Yes, there is, especially in my series Promise Me a Land. In Israel and Palestine, everyone claims this land, and I wanted to know the landscapes that make up the collective identity of these people. I was looking for valleys, mountains, villages, and cities. In this white stone, this blue sky, this shining sun, this ochre earth, we return to the primary emotions. We have the impression of touching the real, the essential, the matter and the dust. I returned again in different seasons to watch the hills of the Judean Desert turn green, the summit of Mount Hermon whiten, and the curves of the Golan Heights turn yellow under the wheat.
The inhabitants also tell us about the space and the way it’s inhabited. The chance of the roads often led me to them. Whether it was in a green Kibbutz, under a Bedouin tent, in a small Palestinian village, on a parking lot, in a greenhouse or at the beach, etc. I was more and more interested in the people who live in this land, who have physical contact with its ‘hic et nunc’. They welcomed me and opened their door because I do not come to talk to them about conflict, war, and hatred. I asked them simple questions about their daily life, their dreams, promises, or disappointments. So they talked to me, often with very spontaneous words about the links that bind them to this soil. I photographed them, listened to them and recorded them.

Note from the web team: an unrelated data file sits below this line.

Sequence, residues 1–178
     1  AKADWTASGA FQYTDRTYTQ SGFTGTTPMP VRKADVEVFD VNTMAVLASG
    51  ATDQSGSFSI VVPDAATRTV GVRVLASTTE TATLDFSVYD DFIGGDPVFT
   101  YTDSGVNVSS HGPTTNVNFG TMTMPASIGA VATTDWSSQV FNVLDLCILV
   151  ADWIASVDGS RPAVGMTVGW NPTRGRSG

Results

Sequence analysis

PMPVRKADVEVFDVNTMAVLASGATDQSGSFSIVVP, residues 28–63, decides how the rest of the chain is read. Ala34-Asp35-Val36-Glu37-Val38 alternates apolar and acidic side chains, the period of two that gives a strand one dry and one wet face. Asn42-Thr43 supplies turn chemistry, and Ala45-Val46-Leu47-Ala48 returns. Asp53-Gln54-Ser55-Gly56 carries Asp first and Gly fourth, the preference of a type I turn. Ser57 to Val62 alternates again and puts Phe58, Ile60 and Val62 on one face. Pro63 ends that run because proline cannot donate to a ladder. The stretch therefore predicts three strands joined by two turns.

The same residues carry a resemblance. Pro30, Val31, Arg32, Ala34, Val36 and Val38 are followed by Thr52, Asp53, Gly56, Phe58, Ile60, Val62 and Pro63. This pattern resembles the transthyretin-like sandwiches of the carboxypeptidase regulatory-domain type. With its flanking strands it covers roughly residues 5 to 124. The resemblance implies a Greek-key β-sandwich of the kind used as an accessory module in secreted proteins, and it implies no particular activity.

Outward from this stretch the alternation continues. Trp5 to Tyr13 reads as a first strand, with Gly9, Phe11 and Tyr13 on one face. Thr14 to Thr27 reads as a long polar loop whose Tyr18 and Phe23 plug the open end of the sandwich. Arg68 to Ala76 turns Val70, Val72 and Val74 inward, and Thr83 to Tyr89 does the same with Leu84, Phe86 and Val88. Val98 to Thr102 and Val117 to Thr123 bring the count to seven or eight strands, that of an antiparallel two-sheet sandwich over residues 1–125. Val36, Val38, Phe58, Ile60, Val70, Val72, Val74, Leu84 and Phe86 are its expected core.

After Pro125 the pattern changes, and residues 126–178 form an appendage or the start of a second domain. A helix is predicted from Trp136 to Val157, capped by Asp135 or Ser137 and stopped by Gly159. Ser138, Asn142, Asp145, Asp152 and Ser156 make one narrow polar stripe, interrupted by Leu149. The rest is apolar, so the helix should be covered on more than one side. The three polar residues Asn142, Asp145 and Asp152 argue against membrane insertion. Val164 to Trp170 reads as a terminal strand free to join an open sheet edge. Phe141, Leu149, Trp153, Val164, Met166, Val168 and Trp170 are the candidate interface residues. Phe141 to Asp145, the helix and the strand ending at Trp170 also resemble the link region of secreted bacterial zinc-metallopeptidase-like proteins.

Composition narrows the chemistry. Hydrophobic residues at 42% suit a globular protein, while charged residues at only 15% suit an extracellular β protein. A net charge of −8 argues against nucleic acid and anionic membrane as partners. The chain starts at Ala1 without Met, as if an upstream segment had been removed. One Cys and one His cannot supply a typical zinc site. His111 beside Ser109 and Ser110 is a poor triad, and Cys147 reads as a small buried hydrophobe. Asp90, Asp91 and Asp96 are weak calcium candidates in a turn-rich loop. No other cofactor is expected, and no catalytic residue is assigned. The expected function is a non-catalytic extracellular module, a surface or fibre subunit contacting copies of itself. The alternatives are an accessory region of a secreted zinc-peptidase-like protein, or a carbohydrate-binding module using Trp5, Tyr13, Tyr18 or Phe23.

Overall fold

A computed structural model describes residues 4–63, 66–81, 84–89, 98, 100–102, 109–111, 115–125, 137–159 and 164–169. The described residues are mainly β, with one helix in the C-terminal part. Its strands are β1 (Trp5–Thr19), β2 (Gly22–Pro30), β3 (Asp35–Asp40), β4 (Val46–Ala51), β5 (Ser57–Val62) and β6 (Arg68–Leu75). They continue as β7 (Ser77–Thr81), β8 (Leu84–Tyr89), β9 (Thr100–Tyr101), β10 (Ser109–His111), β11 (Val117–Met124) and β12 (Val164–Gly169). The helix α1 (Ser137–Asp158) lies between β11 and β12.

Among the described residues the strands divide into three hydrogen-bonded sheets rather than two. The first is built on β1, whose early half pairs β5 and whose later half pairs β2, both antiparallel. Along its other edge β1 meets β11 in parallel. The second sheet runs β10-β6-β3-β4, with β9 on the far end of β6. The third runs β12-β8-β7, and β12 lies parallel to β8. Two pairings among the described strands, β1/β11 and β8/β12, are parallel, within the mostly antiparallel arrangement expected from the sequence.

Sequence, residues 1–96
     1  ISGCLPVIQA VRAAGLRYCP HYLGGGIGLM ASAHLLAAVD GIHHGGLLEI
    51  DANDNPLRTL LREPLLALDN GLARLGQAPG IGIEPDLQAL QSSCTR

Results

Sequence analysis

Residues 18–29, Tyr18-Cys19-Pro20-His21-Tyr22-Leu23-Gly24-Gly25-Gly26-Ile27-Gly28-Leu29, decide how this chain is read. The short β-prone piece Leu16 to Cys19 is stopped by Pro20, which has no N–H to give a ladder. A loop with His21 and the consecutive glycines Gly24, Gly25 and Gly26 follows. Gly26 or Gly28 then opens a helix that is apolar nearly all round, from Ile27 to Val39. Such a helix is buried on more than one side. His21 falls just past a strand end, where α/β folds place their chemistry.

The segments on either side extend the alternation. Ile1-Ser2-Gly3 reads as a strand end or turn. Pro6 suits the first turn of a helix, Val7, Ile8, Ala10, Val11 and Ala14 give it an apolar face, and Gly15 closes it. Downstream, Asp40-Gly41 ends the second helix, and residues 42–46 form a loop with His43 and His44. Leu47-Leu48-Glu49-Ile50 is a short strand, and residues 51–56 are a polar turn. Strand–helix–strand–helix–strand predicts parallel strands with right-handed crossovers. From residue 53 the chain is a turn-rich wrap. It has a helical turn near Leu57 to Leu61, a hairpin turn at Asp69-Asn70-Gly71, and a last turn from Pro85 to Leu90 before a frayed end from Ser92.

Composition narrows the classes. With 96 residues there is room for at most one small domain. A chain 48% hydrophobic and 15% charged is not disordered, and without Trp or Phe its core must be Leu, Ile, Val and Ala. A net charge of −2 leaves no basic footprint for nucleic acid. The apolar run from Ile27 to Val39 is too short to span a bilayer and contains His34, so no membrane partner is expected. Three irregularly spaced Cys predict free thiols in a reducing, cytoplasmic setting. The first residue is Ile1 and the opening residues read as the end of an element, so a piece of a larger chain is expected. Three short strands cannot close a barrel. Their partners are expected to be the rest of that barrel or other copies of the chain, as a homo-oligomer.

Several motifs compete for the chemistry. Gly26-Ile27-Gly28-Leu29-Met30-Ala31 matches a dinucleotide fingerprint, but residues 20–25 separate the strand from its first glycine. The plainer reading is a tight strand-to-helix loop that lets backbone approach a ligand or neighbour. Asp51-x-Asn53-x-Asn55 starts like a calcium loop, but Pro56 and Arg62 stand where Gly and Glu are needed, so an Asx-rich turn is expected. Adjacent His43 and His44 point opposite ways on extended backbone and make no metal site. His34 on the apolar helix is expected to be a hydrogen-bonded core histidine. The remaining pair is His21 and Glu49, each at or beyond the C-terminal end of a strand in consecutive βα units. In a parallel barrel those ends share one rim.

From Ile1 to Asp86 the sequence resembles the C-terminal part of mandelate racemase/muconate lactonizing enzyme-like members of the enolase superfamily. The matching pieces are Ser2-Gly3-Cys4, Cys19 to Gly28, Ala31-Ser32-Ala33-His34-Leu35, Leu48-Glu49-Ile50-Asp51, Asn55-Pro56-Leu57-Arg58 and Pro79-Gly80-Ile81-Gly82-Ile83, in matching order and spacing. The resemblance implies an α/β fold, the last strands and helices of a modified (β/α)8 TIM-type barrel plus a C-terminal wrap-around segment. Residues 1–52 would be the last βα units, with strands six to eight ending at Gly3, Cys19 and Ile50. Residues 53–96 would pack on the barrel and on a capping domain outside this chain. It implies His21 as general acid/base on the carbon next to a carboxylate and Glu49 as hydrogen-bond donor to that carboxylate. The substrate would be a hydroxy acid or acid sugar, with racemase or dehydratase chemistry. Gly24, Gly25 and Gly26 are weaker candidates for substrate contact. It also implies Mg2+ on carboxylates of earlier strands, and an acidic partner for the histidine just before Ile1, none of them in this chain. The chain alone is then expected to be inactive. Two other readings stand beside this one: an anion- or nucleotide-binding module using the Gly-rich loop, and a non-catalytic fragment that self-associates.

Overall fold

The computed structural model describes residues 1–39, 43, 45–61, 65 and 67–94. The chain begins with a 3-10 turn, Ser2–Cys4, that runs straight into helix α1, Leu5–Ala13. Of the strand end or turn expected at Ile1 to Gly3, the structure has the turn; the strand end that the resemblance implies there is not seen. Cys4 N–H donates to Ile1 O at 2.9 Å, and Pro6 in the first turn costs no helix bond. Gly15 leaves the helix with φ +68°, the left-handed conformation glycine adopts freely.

These men are like the trees of this earth, they are deep-rooted; it is impossible to describe the landscape without meeting their gaze. They are the landscape; here to claim the land, wanting to cultivate it, protect it and own it. Whatever their past, they are there today, be they olive trees, eucalyptus, or young fir trees. It is difficult to find true unity in this Israeli-Palestinian identity. They all have a relationship, a story, and a different vision of their land. But all are part of the equation. Each one forms a small part of the puzzle that I collect piece by piece for my project.